Toxicantidote Retriggerable 555 timer/Marker light interrupter

Retriggerable 555 timer/Marker light interrupter

May 2023

My car has a running (marker) light in the same light group as the front indicator. I have noticed that it can be hard for other drivers to tell if the indicator is on at night, as the orange of the indicator is overpowered by the adjacent white light, making it difficult to see. Some modern cars turn off the running or tail light on one side while the indicator is active, similar to the animation below:
Indicator animation

I decided to replicate this on my car, by modifying an astable 555 circuit to become a monostable circuit with an active low output. The trigger (input) would tap off of the indicator signal, and the output from the circuit would then drive a relay circuit to switch off the (white) marker light. Below is the circuit I used to achieve this. Note that this excludes the relay and circuitry necessary to make the 555 output drive it. Also the output is active low (i.e. goes to GND when active, otherwise is at Vcc). Two copies of this circuit are made (one for left, one for right).

Circuit schematic

Vcc is the positive supply. For this application it is 12v, but this same circuit could be used in any application with a voltage between 4.5v and 16v, as per the 555 timer's datasheet.

Timing of this circuit is based on the relationship between R1 and C2. Output pulse width (time at GND) in seconds is 0.693 × R1 × C2. So, for this circuit, the output pulse width is given by 0.693 × 18kΩ × 100µF = 0.693 × (18×103) × (100×10-6) = 1.2474 sec. If R1 remains fixed at 18kΩ, C2 can be adjusted to fine tune timing, with 1.2474sec per 100µF of capacitance in C2. The value of R2 isn't of much importance, as long as it is equal to or larger than R1. D1 prevents the circuit from oscillating when the input is pulled to ground (inactive). The 1N4004 was chosen as it is very common, but any small signal diode should suffice. R3 provides a weak pull-down in case the device driving the input goes to a high-impedance/disconnected state.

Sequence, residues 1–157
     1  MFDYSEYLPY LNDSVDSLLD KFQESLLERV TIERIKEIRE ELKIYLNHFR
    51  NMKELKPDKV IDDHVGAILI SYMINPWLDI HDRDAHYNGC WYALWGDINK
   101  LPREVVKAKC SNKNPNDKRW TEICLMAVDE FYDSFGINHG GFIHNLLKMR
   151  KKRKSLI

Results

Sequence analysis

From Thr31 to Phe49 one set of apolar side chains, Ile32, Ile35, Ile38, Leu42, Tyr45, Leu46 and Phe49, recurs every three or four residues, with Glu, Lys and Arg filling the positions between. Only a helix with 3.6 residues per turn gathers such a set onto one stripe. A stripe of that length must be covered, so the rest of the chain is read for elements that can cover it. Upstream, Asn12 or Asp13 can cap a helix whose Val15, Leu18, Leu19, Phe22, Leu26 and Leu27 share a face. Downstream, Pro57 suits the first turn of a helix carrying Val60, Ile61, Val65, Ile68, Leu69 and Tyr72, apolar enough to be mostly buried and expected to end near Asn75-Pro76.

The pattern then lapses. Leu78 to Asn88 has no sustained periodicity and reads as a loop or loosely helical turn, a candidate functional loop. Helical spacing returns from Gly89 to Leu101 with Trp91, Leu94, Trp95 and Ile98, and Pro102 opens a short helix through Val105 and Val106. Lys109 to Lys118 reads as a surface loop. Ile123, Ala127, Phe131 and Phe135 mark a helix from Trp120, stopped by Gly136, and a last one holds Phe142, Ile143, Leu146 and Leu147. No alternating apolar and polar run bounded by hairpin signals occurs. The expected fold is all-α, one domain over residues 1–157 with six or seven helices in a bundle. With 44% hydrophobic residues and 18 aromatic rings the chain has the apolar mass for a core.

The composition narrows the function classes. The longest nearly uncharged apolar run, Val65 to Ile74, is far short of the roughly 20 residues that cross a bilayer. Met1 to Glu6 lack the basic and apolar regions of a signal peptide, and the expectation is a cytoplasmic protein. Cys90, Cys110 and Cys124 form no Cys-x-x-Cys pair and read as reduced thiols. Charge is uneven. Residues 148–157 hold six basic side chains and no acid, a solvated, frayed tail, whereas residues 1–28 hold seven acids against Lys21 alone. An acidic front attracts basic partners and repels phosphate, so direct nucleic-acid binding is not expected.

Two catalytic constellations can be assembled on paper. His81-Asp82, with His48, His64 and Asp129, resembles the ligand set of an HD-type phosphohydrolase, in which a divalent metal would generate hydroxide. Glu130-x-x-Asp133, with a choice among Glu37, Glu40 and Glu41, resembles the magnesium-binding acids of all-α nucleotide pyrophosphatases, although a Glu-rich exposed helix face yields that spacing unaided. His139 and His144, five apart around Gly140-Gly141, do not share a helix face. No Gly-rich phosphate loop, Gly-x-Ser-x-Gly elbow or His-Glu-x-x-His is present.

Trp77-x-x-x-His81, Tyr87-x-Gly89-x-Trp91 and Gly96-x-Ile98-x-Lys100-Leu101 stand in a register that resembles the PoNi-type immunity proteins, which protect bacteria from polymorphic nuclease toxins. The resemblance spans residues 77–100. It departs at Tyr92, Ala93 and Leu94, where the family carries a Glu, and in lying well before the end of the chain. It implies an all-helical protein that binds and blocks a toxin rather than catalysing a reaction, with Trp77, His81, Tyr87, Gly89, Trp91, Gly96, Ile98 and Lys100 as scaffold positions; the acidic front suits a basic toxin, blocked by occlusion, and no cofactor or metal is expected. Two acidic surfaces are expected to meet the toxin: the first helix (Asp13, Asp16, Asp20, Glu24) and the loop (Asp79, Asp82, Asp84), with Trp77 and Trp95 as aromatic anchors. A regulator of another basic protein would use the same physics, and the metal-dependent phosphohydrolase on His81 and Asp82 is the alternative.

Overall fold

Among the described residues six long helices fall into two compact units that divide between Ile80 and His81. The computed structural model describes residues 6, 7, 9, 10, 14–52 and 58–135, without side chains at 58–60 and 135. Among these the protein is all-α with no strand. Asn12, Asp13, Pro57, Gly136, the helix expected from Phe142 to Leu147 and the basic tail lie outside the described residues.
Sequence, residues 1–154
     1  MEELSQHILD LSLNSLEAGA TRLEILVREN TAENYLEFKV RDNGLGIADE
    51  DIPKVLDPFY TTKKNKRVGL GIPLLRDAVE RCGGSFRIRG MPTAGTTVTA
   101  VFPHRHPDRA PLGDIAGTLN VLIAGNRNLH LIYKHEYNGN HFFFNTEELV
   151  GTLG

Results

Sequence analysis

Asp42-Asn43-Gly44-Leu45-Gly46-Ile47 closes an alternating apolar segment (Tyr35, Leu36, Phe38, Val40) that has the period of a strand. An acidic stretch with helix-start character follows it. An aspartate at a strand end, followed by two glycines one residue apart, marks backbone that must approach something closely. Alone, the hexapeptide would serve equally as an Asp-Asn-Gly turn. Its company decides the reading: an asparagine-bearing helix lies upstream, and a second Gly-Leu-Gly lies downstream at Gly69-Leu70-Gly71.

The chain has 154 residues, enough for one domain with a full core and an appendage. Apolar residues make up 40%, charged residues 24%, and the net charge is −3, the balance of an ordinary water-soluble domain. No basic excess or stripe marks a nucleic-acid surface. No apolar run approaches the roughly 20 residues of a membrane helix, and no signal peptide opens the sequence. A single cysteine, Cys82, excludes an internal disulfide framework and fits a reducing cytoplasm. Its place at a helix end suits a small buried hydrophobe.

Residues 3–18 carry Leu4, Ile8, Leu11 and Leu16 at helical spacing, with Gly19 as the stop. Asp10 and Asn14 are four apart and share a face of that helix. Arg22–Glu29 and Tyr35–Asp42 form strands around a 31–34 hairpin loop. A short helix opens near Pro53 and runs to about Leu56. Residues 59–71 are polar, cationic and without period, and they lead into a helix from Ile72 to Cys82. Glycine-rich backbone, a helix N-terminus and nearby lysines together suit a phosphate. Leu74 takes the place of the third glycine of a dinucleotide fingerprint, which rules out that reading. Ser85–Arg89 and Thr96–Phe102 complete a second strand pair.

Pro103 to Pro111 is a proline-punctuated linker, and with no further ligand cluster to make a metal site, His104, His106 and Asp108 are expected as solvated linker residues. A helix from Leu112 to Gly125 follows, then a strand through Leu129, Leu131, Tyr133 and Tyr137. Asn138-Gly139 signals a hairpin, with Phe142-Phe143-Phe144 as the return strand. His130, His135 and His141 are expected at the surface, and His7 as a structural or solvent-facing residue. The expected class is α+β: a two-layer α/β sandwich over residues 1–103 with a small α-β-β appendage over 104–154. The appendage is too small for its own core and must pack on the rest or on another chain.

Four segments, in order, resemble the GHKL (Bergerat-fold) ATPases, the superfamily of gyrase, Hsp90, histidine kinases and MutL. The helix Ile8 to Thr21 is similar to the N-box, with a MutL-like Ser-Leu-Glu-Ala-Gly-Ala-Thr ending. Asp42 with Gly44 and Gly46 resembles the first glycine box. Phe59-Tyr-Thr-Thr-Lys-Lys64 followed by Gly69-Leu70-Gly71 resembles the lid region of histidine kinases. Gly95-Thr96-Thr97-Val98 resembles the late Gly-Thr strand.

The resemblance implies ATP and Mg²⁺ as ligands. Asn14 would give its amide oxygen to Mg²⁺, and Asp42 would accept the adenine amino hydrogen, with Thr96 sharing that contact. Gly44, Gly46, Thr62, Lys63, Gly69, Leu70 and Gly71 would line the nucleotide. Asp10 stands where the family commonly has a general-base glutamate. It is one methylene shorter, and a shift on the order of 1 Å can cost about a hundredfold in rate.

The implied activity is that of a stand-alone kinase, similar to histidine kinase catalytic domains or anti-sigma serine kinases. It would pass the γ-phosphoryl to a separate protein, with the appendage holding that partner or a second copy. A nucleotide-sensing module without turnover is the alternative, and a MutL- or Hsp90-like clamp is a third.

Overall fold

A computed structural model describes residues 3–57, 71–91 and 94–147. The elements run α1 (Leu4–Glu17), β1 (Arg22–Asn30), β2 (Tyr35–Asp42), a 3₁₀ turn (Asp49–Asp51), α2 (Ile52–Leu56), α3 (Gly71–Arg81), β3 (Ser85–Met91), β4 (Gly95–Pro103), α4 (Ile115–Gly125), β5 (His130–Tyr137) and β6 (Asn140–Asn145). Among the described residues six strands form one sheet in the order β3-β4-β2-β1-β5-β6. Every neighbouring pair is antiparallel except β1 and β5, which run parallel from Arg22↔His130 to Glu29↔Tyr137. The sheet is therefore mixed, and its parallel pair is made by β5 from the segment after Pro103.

Two diagrams below demonstrate the behaviour of the output. The horizontal axis is time, while the vertical axis is from GND to Vcc. The blue trace shows the voltage at the input to the circuit (i.e. the indicator signal), and the red trace shows the voltage at the output (driving the relay circuit). Note that the inputs and outputs won't actually be this square, this is simply an ideal scenario. As a retrigger resets the time, T1 = T2 in these diagrams. Remember that the input is active high (Vcc), while the output is active low (GND).

Circuit behaviour - single trigger
Single trigger event
Circuit behaviour - retriggering
Multiple trigger events

For automotive use, I coated the circuit with a few layers of a conformal coating laquer to protect the circuit from condensation. I then mounted it in a project box with some non-conductive padding before attaching the box to my car on a frame section behind the front bumper and splicing the connections in to the light wiring loom.

GND goes to the chassis (or battery negative), Vcc goes to the power supply for the running light. INPUT goes to the indicator supply without breaking the connection to the indicator. OUTPUT goes to a relay driver circuit, which has the relay C terminal connected to the marker light supply from the car, while the NC terminal provides power to the marker light. This assumes that the car has a negative chassis (almost all cars do) and that the indicator and marker lights have their 12v supply switched to turn on/off (most cars do).

Below is a demonstration of the circuit in action on a car that has the front indicator and running light (marker) grouped together: